How are you?
I’m here with chapter four of Leona!
If you’d like to catch up on the story or simply find out what Leona is, click here.
It was spring of 1930. I walked home from school with Rachel. “I’m getting a new dress in the fall,“ she told me. Rachel and I had already turned fourteen. I smiled. “That’s good,” I told her. “What color is your favorite?” she asked. “Blue,” I replied, glancing up at the sky. “Mine, too,” Rachel said.
The house came into view. Bud was already sitting on the steps.
“Mama’s not home,” he told me. “She and Dad went into Beaver.”
“Why?” I asked him.
“I dunno,” he shrugged.
“They must be doing something important,” I persisted. My curiosity was piqued.
“Guess so,” Bud said, “Wanna go in the loft?”
I nodded. “Wanna come?” I asked Rachel.
“Okay,” she answered. We set our books on the steps and scurried to the barn. I took a deep breath. The barn smelled musty and sweet. Up in the loft, Bud and I had made a fort under the hay bales. It was tight, but someone could crawl in, and have enough room to breath inside. We took turns crawling in to hollow out more. Bud crawled out, hay sticking to him. “Your turn,” he said.
I got on hands and knees and ducked under the opening. Inside, it was dark, and thick with the smell of hay. I scooped the hay away with my hands and dug deeper and deeper. Rachel’s muffled voice startled me. “You done yet?” she asked. “You’ve been in there ten minutes.” I crawled out. “Your turn,” I said. She crawled in and I heard the crackle of hay as she dug.
“We got a lot done,” she exclaimed, crawling out. I stuck my head in and agreed.
“You think Mama and Dad are home yet?” I asked Bud.
“Let’s go see,” he answered.
They weren’t, so we sat on the steps to wait for them. “I should get on home,” Rachel said.
“Okay. See ya,” I said. She picked up her school books and walked home. Bud and I watched her in silence.
Mama and Dad pulled in a few minutes later. They got out of the automobile and slammed the doors. I hopped up and began to question them. Dad brushed me off, an unreadable expression on his face. He went past us and inside.
Mama waited until he was gone, a look of disgust on her face. “Sulky baby,” she muttered.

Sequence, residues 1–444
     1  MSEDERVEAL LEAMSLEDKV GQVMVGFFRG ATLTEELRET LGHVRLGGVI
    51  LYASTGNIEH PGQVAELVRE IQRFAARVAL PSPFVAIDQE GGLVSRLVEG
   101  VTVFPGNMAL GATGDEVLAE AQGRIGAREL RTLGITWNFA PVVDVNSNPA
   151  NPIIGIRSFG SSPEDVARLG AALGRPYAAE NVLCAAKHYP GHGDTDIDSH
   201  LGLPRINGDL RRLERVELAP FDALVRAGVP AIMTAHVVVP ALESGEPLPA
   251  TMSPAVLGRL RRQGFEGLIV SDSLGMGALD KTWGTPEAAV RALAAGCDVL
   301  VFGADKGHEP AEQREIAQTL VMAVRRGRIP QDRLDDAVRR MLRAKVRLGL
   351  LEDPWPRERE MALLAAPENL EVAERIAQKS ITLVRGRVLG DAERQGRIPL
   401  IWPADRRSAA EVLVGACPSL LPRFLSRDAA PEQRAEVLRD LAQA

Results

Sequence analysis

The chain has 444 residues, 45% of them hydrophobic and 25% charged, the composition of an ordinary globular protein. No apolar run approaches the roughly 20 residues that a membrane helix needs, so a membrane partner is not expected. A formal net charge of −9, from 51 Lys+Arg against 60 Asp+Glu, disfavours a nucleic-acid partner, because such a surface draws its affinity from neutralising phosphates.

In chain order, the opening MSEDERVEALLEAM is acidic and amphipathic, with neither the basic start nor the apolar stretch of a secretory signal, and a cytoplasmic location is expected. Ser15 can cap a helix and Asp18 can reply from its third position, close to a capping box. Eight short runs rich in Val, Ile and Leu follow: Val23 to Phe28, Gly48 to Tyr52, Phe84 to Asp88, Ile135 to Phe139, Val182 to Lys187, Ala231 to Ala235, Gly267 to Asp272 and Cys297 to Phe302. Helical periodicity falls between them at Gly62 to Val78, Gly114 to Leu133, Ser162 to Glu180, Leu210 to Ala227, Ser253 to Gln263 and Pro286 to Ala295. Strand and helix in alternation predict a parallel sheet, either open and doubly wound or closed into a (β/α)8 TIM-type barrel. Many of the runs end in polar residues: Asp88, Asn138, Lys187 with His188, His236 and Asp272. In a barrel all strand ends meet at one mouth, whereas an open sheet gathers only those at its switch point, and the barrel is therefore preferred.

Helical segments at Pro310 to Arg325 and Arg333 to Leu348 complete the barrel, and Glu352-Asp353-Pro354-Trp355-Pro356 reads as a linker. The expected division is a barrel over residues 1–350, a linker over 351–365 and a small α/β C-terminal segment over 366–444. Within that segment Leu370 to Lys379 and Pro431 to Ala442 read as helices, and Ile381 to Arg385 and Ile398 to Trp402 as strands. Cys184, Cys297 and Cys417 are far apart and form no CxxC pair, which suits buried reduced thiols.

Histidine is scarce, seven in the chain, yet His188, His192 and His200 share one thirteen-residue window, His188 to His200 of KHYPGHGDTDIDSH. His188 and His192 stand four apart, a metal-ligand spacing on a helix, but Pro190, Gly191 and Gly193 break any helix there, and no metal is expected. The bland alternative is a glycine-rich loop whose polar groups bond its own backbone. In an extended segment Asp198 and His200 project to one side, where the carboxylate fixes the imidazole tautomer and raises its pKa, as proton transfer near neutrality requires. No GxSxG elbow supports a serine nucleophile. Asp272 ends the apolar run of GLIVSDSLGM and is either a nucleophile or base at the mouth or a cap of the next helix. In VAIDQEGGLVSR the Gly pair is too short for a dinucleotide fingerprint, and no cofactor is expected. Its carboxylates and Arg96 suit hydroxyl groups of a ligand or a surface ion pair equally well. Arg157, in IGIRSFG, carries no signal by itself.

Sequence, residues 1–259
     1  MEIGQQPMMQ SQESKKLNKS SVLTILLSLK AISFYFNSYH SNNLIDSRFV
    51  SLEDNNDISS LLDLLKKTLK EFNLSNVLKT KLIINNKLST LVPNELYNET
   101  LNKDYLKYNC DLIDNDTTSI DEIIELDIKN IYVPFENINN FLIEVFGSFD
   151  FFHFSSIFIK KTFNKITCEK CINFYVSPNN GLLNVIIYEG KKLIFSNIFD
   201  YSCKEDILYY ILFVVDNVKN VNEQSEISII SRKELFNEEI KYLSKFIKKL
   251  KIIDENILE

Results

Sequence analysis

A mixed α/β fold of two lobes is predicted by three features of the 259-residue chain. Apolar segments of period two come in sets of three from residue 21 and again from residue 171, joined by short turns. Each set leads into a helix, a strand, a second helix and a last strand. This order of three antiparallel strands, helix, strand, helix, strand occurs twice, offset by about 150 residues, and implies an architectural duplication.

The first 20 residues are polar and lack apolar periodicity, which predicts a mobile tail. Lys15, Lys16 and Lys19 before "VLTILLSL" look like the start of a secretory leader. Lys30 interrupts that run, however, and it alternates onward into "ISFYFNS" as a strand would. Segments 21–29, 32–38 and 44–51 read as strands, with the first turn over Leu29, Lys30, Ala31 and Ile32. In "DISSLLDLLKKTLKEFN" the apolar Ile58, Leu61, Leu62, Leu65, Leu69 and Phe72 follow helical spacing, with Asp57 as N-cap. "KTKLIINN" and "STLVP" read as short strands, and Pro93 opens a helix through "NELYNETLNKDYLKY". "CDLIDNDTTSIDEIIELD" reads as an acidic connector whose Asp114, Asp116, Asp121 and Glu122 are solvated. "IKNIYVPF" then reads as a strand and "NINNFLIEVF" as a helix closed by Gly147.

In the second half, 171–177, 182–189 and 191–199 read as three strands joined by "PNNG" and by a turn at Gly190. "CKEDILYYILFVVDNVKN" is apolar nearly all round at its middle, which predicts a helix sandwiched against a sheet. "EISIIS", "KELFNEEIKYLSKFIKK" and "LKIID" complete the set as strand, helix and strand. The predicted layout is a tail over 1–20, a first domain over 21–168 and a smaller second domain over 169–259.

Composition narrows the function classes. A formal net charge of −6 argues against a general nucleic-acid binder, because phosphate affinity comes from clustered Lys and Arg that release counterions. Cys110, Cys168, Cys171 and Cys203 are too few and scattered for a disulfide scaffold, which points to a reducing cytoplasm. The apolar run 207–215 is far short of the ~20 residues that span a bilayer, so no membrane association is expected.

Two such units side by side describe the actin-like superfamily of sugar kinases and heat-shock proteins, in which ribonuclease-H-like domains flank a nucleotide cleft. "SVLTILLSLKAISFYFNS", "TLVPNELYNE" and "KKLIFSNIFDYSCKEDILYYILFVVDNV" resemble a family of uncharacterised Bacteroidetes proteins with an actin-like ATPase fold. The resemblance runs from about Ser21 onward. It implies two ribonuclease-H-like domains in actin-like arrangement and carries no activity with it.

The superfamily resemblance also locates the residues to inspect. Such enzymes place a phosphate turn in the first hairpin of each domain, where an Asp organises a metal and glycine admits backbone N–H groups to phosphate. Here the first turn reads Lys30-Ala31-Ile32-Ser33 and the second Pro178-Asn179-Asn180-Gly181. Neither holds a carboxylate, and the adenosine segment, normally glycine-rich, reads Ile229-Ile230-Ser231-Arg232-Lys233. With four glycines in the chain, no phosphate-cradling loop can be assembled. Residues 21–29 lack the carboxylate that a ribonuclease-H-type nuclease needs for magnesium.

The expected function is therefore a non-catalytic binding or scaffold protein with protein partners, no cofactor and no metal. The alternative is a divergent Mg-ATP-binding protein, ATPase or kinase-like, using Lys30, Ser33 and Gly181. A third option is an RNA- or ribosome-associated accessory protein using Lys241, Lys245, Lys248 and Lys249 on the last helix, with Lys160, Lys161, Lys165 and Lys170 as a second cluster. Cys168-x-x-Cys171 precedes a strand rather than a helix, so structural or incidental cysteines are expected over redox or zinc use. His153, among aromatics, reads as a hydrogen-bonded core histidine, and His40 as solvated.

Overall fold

I had been pounding her with questions, but when she said that, I stopped.
Turning to hide my shock, I loped into the kitchen and sat down.
Dad had settled himself in the living room. I could hear him turning the pages of the newspaper icily.
Mama came in, gave a careless glance in Dad’s direction, and sat down at the table. Bud sensed that something was afoot, and took his place.
Mama cleared her throat. “You both will be ready for high school next year,” she began.
Bud and I exchanged glances.
“I want you to get a good education,” she continued. She paused, and Dad cleared his throat forcefully in the living room.
“We’re moving to Beaver for you to go to high school,” she finished.
We were shocked. Bud jerked back in his chair, causing it to skid across the floor and leave marks.
We didn’t say a word. It was too horrible.
“I’ve already got a house picked out,” she added. “You’d like it a lot.”
I swallowed. My heart was pounding. I wanted to cry, but a tiny part of my was curious.
“What about our ranch?” Bud burst out. “What’s gonna happen to it?” His jaw was set, which meant he was mad.
Mama pushed onward. “Nothing’s gonna happen to it, Bud. You stop your hollering. Your father’s staying here.” Mama told us.
“Dad’s not coming?” I asked. The world shattered.
“We need some way to earn a living,” Mom remarked. Her tone was cutting. I could hear Dad holding very still in the other room.
“Why?” I managed to ask.
“You’re education, Sis,” Mama said again, but I could tell it was just an excuse.
“We’ll visit him on weekends,” Mama added indifferently.
Bud let out a bitter snort, but Mama fired him such a look that it seemed to choke him.
He coughed and left the room.
I sat there for what seemed like hours.
“What does the house look like?” I ventured finally. It was a last effort.
“It’s a blue one story, with three bedrooms. It already has beds and furniture,” Mama said.
“It has indoor plumbing,” she added, eyes shining.
No more walking to the outhouse to go.
My thoughts raced.
Why wasn’t Dad coming? It was true, that if we stayed here, the nearest high school was quite a few miles away. I realized that we didn’t have many options.
“When are we leaving?” I asked. I could hear Bud storming around upstairs, still stunned.
“As soon as school’s out. That way we’ll have time to settle in before school starts in the fall.”
I stood up. Mama looked at me questioningly, so I gave a weak smile and scrambled to leave. I went upstairs to my room and sat down on the bed.
A tear coursed down my cheek.
Bud came in and gruffly sat down next to me. I roughly wiped the tear away with the back of my hand, suddenly severe.
“I don’t want to,” Bud said finally.
I nodded and wiped my nose. “She said we’ll come home on weekends,” I offered.
He shook his head. “She’s just using us as an excuse,” he said again.
“I don’t mind that so bad, if she had a different excuse than high school,” I said. It was a timid attempt at a joke.
He was contemptuous. “We’re leaving, Sis. It’s never going to be the same again.”
His words hung in the air.
“No, Bud,” I said firmly. “Things will never be the same. But they wouldn’t have been the same anyway. Things haven’t been the same in a long, long time.”
He understood the meaning in my words and stood up, unwilling to accept it.
“Maybe it’s time we accept the change,” I said. “We can’t do much about it.”
I thought about the house we were moving to; we hadn’t even seen it. I thought about Mama and Dad fighting, and the automobile that used so much gasoline. I thought about Rachel, and how she would live just as well without me.
Bud sighed. “Guess so,” he said.
“We’ll have indoor plumbing,” I told him, “And you could get a job in town.”
He nodded slowly. After a minute, he stood up.